Apple Television talk reignites with Sharp patent overlap

Mar 29, 2012
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Apple Television talk reignites with Sharp patent overlap

Long-standing rumors of a standalone Apple TV set continue to percolate, with suggestions that Foxconn parent Hon Hai's display deal with Sharp, along with fresh Apple panel patents, lend weight to the HDTV whispers. The Cupertino company is apparently working on an advancement of Fringe Field Switching (FSS) systems suitable for HDTV-scale panels, with Patently Apple flagging up a recently granted patent for the TFT LCD display technology. FSS is currently used in Apple's smaller devices, and relies on IPS display technology of which Sharp is a notable patent holder.

That collision of Apple large-scale display research, Sharp technology and long-term Apple production partner Hon Hai investing in LCD production has reignited talk of a serious push into television.

Although some reports have pegged a Q4 2012 launch for the fruity standalone set, not all analysts agree that the TV will arrive this year. Asian research group CLSA fired out a note to investors this week suggesting a 2013 release was more likely, Business Insider reports, citing the Hon Hai Sharp deal and highlighting toughened-glass manufacturer Corning's stake in the endeavor too:

"We continue to view Apple TV hardware as a 2013 event. The timing of Hon Hai/Foxconn's equity stake and partnership with Sharp along with Hon Hai Chairman Terry Gou's separate 46.5% investment in Sharp's Sakai City plant lends further credibility that Apple TV is in the works. This also follows reports that Apple is investing ~$1.3bn in equipment destined for Sharp facilities. The fact that Hon Hai is investing rather than just procuring panels from Sharp underscores a deeper level of integration which Apple/Hon Hai are accustomed to, increased reliability as Sharp has struggled with iPad3 qualification, and an effort to improve Sharp's financial position before becoming a more meaningful supplier to Apple. We also believe Corning has an 83% market share at the Sakai facility and would ultimately benefit from improving utilization that is expected to happen over time. Sharp accounted for 10% of Corning's overall sales and 25% of its display sales in 2011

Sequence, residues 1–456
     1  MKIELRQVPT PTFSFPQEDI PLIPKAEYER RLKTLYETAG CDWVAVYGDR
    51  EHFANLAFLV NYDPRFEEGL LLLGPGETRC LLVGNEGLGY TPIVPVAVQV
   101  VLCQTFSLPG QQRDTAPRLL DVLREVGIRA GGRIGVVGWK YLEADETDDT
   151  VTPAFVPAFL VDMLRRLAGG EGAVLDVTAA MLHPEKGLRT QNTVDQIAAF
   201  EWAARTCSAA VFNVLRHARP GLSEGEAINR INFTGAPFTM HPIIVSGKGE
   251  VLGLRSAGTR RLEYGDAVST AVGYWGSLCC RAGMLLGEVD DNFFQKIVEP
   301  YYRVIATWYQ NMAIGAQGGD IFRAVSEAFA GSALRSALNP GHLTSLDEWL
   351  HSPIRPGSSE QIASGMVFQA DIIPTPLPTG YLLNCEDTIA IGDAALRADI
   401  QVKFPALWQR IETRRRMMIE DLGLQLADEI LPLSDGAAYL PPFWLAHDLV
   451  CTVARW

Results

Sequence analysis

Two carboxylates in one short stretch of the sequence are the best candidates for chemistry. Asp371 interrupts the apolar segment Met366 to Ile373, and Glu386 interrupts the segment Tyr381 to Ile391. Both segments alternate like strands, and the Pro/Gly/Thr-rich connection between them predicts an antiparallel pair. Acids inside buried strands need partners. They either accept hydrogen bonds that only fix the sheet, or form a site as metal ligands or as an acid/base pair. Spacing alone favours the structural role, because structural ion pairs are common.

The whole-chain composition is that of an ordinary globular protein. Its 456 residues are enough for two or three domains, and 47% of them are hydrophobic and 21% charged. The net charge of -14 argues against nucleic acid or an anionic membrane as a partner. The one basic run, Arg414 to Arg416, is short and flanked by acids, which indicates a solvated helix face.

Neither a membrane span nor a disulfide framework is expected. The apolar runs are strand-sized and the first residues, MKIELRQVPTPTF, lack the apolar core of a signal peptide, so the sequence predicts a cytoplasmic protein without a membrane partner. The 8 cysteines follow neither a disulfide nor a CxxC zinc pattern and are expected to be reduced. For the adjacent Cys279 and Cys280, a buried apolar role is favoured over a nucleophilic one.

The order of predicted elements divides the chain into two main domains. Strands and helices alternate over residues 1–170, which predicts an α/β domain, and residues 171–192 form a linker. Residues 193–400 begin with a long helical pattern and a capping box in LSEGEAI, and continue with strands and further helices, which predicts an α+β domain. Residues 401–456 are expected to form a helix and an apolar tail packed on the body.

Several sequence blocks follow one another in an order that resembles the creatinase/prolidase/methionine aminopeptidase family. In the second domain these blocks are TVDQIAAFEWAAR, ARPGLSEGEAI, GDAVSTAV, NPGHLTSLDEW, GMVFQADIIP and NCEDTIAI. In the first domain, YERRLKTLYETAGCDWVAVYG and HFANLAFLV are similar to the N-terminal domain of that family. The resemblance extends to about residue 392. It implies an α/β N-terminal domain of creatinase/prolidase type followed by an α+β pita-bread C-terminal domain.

Most clients agree that a TV is coming; the critical question becomes how the video providers fit into the equation and how apple's offering would/could differ from current tv's beyond ios/icloud. Biggest commentary yesterday centered on LG Display as the big loser."

However, ponderings on Apple's television plans by greenpois0n - the Chronic Dev Team responsible for various jailbreak hacks of iOS devices - suggest the plot for the home entertainment system might not be as straightforward as we hope. For instance, Apple has long been expected to add App Store access to the current Apple TV set-top box, but according to the hackers underlying memory design harking back to the early iterations of the STB mean currently all running programs share the same space. That introduces some serious stability issues: should a third-party app crash, the whole system would follow.

As we discovered in our review of the new Apple TV, the reworked UI seems almost tailor-made for broader app support, so it's entirely possible Apple could be working on an update that addresses the memory space issue. Still, there's plenty of work to be done before the way is paved for a new Apple push for the living room.


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